Inconsistent use of PA systems, result boards and plasma screens to convey how the various stages of the Assembly STV count added to the confusion. In contrast, Belfast City Council was praised for the transparency it brought to its local government count by posting the results of each stage online in real time.
At a cost of £5,132 the Royal Mail undertook a sweep of the Mallusk mail centre to identify any postal ballots that had not yet been delivered so these could be retrieved and added to the count. 78 postal votes were rescued in this way … at a cost of £65.79 each! In hindsight, was that good value for money democracy?
As an electoral observer, I’m pleased to see that some of the issues reported back to the Electoral Commission are discussed in the report and recommendations.
Training the staff responsible for classifying doubtful ballot papers might reduce the variation of process I witnessed at the counts in May.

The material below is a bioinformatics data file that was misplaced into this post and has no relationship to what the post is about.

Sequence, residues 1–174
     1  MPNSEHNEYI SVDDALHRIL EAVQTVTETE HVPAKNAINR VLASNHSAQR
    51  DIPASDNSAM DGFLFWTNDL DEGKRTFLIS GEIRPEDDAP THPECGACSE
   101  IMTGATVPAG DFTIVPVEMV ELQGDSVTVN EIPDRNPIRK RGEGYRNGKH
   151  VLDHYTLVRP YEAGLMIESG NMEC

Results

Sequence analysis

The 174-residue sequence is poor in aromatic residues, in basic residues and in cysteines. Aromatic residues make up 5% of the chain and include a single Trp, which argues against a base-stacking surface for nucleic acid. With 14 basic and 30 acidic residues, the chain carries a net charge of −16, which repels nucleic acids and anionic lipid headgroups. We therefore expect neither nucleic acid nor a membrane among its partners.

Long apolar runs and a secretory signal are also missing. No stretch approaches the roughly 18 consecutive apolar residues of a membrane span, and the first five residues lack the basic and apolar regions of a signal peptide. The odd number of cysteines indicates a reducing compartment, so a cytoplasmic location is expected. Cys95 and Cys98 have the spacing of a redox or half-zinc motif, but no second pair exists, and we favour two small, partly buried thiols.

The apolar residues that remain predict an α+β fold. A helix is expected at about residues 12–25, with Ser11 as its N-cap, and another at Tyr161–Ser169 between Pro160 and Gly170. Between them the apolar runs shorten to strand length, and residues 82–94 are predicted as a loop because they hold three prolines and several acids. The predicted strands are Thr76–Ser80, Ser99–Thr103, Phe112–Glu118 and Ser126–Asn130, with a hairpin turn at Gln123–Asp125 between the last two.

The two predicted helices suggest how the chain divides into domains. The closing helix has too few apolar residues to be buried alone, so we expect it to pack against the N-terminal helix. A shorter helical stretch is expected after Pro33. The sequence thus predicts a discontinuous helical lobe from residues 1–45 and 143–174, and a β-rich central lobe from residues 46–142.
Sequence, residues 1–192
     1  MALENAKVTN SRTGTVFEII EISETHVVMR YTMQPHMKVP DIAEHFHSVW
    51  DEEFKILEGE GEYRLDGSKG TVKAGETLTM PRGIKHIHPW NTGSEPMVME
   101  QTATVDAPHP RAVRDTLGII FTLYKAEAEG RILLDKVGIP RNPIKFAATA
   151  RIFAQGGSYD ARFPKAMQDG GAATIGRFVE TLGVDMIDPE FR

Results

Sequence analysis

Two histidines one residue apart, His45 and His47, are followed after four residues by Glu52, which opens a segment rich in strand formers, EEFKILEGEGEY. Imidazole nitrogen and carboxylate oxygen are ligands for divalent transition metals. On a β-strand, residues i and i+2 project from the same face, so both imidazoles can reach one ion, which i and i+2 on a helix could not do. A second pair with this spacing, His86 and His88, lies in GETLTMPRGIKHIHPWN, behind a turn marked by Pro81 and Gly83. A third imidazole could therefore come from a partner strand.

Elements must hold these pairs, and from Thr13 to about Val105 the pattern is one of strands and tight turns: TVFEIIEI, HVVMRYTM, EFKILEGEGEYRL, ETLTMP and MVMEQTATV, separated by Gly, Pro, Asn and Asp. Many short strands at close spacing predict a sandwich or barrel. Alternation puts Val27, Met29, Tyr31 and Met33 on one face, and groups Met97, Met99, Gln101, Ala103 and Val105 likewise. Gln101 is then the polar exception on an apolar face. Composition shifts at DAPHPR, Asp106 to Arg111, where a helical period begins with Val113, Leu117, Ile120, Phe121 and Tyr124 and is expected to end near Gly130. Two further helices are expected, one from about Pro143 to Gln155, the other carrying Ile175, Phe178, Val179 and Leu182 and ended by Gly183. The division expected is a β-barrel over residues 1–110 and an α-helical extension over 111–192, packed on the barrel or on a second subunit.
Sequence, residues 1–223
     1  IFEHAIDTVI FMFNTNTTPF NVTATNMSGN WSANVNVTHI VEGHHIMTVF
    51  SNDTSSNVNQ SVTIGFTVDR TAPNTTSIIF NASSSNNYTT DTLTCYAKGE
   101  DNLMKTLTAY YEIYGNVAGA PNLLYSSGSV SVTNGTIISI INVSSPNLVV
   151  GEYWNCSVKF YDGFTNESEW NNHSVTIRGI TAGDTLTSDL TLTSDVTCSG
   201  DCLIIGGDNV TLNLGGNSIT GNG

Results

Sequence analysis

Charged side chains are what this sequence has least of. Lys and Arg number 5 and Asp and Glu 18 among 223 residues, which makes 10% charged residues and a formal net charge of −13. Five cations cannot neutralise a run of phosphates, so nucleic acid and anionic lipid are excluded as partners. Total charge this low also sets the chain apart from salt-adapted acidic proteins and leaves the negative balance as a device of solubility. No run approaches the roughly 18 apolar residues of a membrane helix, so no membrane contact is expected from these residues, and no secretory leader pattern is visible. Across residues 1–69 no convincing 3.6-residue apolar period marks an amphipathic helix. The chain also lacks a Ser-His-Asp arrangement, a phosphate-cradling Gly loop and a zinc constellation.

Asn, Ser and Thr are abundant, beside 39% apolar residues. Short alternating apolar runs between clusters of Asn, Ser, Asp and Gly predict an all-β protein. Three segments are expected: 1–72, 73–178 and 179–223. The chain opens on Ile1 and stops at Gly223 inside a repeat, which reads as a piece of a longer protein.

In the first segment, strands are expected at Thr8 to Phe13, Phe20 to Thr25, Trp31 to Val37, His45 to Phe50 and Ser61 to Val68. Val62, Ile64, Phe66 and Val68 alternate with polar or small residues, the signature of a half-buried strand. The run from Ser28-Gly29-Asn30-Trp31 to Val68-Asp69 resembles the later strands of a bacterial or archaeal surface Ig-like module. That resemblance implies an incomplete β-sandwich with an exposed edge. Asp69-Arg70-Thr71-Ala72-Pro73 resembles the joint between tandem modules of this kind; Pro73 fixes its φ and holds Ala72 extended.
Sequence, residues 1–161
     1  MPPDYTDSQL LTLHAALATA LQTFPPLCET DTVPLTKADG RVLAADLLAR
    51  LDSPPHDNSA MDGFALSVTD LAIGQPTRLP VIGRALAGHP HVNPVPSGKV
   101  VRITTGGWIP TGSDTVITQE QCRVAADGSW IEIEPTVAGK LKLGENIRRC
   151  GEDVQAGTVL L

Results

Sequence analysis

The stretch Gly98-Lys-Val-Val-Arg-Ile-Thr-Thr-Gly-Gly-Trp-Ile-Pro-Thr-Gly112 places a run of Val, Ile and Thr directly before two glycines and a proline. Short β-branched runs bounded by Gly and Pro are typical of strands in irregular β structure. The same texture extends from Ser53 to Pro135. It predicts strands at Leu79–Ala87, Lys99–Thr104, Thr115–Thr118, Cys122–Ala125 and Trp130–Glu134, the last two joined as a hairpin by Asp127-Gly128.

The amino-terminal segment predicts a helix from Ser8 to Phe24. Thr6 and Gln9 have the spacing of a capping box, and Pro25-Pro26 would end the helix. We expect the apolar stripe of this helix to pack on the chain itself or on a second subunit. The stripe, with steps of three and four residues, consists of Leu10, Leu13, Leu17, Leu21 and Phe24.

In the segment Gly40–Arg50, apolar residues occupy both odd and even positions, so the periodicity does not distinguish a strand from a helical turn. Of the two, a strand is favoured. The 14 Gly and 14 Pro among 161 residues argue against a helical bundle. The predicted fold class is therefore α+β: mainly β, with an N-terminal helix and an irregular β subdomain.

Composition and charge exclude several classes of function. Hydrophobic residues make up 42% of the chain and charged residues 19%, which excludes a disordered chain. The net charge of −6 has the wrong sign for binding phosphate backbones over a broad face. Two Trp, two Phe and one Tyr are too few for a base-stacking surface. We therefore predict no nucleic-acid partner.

Steps to “conduct user-testing of ballot papers used at combined elections to alleviate the potential for voter confusion” may reduce the chance of using three shades of paper (white, buff, light grey) that are hard to distinguish under the poor light of many polling stations.
Clarifying what parts of the building/grounds hosting a polling station in which parties can canvass on polling day will bring consistency. Given the number of smaller parties standing at elections, any voluntary code of practice (short of legislation) may be limited in its effect.
Electoral matters are ‘excepted’, so not devolved to the NI Assembly. Whether the UK Government will take on board the need to “permit the name of the election being contested” on ballot papers when there is more than one election happening remains to be seen. But this would reduce the chance of voters writing “1, 2, 3” on one ballot and “4, 5, 6” on another.
A record number of 1,210,009 registered voters (since individual registration was introduced) is to be celebrated. However, the ever-decreasing turnout delivers poorer and poorer mandates for elected representatives. The report notes that 69% of people the Electoral Commission surveyed in NI gave a ‘civic’ reason for voting (compared to 61% in GB). Only 10% voted to ‘create change’. Of those surveyed in NI who did not vote, 67% gave reason of either ‘being too busy’ or ‘not being bothered’.